Year Of The Vampire: Ganja & Hess Is About So Much More Than Bloodlust

(Welcome to Year of the Vampire, a series examining the greatest, strangest, and sometimes overlooked vampire movies of all time in honor of "Nosferatu," which turns 100 this year.)

One of the best vampire films I have ever seen actually never uses the term "vampire" at all. Very early in Bill Gunn's unsung masterpiece "Ganja & Hess," we learn that Dr. Hess Green is addicted to blood. It's hard to tell whether this statement, delivered casually by Hess's chauffeur, is a literal fact or one that's yet to come to pass. 

The bloodsuckers in "Ganja & Hess" are unlike any audiences in 1973 would have seen before. They had no fangs, they were impervious to sunlight, and could only turn a human by stabbing them with a ceremonial African dagger. Not only were they Black, but also affluent and refined, which seemed to confuse critics even more than the film's non-linear narrative. So many of Gunn's choices here are hard to analyze, but one has to wonder if they were meant to be analyzed at all.

"Ganja & Hess" was, in a lot of ways, Gunn's response to the Hollywood system that had chewed him up and spit him out in the '60s. The multihyphenate started off in the New York theater scene, writing and acting in plays before trying his luck out west. He even wrote a handful of successful movies — but he still chafed under the limits for Black stories at the time. The '70s might have seen the rise of the blaxploitation movement, but in the late '60s, the films that degraded the Black experience were the ones that made bank. Gunn was only approached to make "Ganja & Hess" in an effort to recreate the success of "Blacula," and though he'd certainly make a film about Black characters and their bloodlust, it wasn't anything like the film his backers were hoping for.

What It Brought To The Genre

"Ganja & Hess" was inarguably ahead of its time — and in some ways, even today, it still is. Gunn's hypnotic exploration of sexuality, colonialism, religion and addiction told through the lives of two unapologetic Black characters isn't all that common even now, although it's become increasingly popular in horror. "Ganja & Hess" deliberately flouts the western perspective. That the film's particular brand of vampirism originates not in Transylvania, but from an African civilization, shows how concerned Gunn is with shifting the narrative.

The film's credits play out over close-ups of marble sculptures, twisted white limbs and faces in anguish — but that's about as close to whiteness as "Ganja & Hess" gets. Gunn immediately pivots to a scene in a chapel, and introduces us to a Black preacher, Luther (played by Nina Simone's brother, Sam Waymon) who also moonlights as Hess's chauffeur.

By contrast, Hess (Duane Jones of "Night of the Living Dead") is not religious at all. He's dedicated only to studying the Myrthians, that aforementioned African tribe, and the mysterious disease that wiped them out. The whole deal with the Myrthians is definitely a metaphor for colonialism: they were cursed with a craving for human blood, a curse that only the shadow of a crucifix could deliver them from. Ironically, Christianity wouldn't exist for centuries, which doomed the Myrthians to their bloodlust and eventual extinction.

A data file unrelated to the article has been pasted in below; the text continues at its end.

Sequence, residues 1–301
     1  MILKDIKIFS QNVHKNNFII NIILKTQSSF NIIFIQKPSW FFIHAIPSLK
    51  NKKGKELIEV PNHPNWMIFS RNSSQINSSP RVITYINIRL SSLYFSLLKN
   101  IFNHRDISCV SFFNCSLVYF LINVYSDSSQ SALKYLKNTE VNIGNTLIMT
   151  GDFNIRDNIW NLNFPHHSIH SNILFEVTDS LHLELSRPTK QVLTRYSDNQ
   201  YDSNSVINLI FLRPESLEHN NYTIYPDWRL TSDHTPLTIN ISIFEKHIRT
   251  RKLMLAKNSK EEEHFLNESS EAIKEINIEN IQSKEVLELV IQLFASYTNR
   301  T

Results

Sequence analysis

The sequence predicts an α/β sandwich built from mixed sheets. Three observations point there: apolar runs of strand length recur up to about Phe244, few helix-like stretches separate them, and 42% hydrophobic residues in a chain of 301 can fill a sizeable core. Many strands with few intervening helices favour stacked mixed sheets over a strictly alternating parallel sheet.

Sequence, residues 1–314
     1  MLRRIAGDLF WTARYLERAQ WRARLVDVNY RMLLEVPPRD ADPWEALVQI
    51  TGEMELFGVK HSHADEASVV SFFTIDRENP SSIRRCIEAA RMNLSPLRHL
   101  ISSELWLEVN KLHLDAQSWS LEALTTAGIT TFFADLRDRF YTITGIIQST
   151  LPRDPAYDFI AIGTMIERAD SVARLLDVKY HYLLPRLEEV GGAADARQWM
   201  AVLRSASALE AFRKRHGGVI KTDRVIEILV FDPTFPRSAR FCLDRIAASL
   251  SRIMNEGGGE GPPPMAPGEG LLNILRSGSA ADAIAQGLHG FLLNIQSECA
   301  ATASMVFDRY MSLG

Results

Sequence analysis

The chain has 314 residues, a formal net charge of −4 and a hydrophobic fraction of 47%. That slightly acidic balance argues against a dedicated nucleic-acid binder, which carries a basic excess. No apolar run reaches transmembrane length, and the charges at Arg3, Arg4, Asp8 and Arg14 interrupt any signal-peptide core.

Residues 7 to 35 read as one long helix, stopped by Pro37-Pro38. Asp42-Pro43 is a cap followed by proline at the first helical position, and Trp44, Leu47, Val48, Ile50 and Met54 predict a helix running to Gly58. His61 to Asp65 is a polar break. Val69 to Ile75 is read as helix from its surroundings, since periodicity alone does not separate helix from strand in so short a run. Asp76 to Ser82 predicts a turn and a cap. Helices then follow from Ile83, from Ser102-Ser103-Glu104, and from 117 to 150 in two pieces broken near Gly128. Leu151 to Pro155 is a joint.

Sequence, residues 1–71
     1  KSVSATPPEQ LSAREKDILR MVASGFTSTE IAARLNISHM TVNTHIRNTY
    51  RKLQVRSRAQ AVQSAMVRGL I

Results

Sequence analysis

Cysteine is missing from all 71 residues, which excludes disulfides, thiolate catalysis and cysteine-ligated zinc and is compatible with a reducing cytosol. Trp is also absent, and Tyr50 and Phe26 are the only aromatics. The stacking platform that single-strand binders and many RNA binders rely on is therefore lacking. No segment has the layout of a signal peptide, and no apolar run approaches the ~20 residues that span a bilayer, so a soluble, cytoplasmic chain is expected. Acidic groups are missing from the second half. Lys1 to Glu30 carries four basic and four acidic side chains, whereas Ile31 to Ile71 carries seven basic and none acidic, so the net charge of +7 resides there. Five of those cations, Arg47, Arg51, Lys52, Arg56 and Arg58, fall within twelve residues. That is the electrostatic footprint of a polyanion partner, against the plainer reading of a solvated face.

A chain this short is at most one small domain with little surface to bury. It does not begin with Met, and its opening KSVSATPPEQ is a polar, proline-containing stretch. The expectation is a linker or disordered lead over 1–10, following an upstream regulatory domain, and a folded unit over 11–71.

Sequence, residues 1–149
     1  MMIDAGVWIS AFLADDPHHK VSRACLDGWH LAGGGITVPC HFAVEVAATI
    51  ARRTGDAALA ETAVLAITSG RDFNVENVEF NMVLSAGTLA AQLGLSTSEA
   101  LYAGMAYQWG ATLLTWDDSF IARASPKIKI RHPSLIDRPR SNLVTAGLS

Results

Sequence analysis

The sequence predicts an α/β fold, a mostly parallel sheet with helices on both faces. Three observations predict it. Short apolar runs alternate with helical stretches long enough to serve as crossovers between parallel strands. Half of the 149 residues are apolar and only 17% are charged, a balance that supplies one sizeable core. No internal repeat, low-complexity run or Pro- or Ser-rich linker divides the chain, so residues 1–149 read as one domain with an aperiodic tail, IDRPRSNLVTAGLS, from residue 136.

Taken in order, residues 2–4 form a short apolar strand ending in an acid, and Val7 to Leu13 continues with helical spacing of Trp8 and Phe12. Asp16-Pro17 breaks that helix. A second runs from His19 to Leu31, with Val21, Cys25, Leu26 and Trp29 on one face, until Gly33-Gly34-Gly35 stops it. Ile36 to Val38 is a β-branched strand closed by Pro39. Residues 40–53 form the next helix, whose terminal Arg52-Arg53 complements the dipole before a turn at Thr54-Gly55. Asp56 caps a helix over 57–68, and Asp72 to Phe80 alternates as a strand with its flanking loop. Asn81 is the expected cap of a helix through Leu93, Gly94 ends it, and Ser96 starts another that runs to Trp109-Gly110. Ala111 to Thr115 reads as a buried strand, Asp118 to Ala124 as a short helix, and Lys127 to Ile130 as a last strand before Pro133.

Despite his obsession with African culture, Hess is refined and distant in a way that likens him more to a figure like Dracula. He's able to send his son to boarding school and converse with him in French. He can afford lavish parties on his estate. But at the end of the day, he is still a Black man — the only one in his neighborhood. When his new research assistant (played by Gunn himself) attempts suicide at his house, he's more concerned with the "embarrassing" questions the police will ask him than the fate of his guest. He's able to talk Meda down at first, but soon after Meda attacks him with a Myrthian dagger and — according to the film's initial title cards — stabs him three times: once for the Father, again for the Son, and finally for the Holy Ghost.

Meda then sits down to write an open letter to Black youth; it also serves as his suicide note. He dies just as Hess is resurrected. His blood becomes Hess's first meal.

Enter Ganja

Hess is able to live, for a time, as one of the undead. He steals from blood banks and drinks neon-red blood from fancy crystalware. When that tactic fails, he preys on sex workers in the seedy parts of town, and feeds on people he's sure that no one will miss. Like in so many vampire movies, our protagonist fights to keep one foot in the human world — but it's taken a step further by conflating his curse with his African heritage. Whenever he feels the urge to feed, a pulsating drone rises in the score, as do the sound of drums and chanting. The connection is impossible to sever, but he works to suppress it as best he can.